Not filing a claim also means you can do the repairs on your own time, which can be helpful when money is tight. If your repairs are just cosmetic, and you don’t have the budget for them now, paying out of pocket instead of filing a claim means you can delay taking your car to the shop until you can afford it. But if you file a claim, you’d have to pay your deductible right away.

A common example of damage it might make sense to pay out of pocket for is windshield repair. Typically, fixing a windshield will cost you less than $500. So unless you have specific glass coverage that doesn’t require you to pay a deductible for windshield repairs, you’re probably better off just paying out of pocket.

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If you’re not filing a claim on damage, should you still tell your insurance?

If your car is damaged and you report it to your insurance, even if you don’t file a claim, your insurance carrier may still record the incident as a zero payout. If this just happens once, it probably won’t lead to a rate increase, but if you’re reporting a few of these incidents, it may affect your premiums down the line.

However if your car is damaged and you don’t tell your insurance, it could mean big problems for you. Even repaired damage may mask internal issues, and if that damage isn’t properly fixed it cause a future accident. If you try to file a claim on that new damage, you may be denied, because you knew about prior issues and didn’t report them to your insurance company.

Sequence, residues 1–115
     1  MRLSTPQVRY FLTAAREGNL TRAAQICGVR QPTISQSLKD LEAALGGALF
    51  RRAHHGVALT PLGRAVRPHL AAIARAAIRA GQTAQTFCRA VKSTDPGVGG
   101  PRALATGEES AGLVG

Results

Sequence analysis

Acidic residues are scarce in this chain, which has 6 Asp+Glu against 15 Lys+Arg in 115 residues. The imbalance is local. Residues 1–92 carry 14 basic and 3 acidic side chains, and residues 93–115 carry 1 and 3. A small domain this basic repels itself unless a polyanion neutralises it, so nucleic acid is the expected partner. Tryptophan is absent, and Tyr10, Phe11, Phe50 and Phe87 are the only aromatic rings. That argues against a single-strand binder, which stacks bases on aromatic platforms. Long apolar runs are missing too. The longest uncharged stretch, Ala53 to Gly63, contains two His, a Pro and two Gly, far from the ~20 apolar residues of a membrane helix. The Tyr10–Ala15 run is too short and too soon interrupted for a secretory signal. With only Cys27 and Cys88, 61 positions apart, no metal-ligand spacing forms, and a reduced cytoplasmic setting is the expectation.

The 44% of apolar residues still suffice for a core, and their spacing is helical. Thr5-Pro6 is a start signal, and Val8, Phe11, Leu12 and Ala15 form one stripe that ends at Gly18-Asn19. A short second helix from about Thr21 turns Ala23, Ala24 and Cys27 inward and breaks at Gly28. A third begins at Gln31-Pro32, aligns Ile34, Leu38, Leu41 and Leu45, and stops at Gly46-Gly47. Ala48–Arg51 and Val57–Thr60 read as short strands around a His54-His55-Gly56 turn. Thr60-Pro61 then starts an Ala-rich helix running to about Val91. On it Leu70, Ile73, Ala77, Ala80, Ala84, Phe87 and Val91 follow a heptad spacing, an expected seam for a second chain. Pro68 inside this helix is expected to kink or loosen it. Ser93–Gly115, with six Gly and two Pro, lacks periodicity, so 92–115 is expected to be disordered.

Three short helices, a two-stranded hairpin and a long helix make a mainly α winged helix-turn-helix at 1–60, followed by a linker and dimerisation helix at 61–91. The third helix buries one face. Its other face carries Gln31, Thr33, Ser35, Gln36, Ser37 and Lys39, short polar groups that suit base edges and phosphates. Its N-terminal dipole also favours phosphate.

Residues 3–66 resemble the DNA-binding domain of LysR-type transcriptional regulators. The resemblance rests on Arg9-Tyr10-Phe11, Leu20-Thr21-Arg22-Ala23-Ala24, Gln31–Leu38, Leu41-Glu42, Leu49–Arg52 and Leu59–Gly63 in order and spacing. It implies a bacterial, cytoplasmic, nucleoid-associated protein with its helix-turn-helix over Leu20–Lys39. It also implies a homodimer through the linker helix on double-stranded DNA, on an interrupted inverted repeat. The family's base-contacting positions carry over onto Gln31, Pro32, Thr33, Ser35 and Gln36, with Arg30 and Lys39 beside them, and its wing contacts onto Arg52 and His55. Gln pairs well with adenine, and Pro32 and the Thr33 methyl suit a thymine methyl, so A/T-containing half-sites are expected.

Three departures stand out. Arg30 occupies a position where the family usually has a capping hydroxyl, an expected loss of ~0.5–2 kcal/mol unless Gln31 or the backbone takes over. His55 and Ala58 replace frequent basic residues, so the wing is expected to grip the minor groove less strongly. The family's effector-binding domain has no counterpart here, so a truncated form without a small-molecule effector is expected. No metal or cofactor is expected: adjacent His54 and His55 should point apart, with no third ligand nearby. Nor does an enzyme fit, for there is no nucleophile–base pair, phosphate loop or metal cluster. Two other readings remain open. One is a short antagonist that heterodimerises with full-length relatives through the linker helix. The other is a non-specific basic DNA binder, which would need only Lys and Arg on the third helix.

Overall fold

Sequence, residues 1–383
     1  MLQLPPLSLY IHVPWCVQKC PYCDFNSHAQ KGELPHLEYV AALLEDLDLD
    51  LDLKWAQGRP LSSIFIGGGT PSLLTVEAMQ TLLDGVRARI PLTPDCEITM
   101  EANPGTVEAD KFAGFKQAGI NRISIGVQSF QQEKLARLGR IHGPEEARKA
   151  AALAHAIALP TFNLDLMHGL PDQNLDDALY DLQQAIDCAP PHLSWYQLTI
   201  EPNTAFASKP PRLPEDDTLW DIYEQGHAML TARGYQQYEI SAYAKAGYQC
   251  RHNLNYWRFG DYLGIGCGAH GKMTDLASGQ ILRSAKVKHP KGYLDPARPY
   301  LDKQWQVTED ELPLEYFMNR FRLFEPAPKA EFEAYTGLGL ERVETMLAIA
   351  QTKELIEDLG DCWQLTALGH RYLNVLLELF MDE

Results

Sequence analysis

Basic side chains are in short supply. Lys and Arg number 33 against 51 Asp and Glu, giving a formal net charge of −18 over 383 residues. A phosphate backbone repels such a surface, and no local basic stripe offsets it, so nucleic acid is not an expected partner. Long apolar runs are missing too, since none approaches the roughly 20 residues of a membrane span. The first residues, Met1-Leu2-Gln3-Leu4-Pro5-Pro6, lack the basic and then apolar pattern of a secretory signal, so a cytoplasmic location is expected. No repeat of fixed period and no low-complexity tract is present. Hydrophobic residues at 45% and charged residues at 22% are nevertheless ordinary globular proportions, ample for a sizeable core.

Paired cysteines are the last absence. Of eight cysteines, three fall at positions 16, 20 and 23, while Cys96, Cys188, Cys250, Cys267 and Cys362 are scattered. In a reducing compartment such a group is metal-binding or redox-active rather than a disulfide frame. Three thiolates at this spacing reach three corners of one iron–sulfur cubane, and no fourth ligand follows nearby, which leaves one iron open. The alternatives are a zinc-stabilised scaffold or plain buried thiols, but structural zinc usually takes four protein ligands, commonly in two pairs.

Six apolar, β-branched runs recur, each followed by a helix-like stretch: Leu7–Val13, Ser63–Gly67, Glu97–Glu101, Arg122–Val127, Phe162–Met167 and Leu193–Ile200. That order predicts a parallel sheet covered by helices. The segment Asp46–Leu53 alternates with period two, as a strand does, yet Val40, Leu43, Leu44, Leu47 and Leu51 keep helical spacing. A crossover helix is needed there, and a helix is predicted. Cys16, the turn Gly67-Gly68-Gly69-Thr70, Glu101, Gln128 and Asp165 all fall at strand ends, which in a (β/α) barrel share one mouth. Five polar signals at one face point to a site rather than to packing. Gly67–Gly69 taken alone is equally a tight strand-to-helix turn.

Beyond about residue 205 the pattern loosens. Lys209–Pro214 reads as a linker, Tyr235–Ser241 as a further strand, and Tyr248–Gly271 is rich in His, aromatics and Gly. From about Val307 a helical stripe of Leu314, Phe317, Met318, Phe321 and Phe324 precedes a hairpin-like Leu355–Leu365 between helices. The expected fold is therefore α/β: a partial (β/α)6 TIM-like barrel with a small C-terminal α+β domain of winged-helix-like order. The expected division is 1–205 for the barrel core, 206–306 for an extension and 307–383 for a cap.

This probably won’t come up with small cosmetic repairs, but just remember, if you choose not to report damage you dealt with on your own, you run the risk of being held responsible for any further damage that issue might cause.

How to keep your premiums from going up after filing a claim

Say you’ve had to file an insurance claim — that doesn't mean your rates are definitely going up. Most major carriers offer some kind of accident forgiveness, an optional insurance add-on sometimes offered as a loyalty benefit or a reward for safe-driving, which will usually allow you one at-fault accident before raising your rates. If you have accident forgiveness as part of your policy, filing a claim may not raise your rates. A Policygenius expert can help you choose a carrier that offers accessible accident forgiveness.

Even if your rates go up after a claim, there are some things you can do to help bring them back down again. Make sure you’re getting all available discounts that you qualify for. Some of the discounts offered by most major auto insurance carriers include:

  • Student discounts for drivers in high school or college who maintain above a certain GPA.

  • Discounts for drivers who complete defensive driving courses and other certifications.

  • Discounts for paying your annual premium in full as opposed to in monthly payments.

  • Low mileage discounts for drivers who drive less than a certain amount of miles per year.

  • Discounts for drivers who install anti-theft devices in their vehicle.

  • Bundling discounts for combining your auto insurance with your home or condo insurance through the same carrier.

Policygenius’ editorial content is not written by an insurance agent. It’s intended for informational purposes and should not be considered legal or financial advice. Consult a professional to learn what financial products are right for you.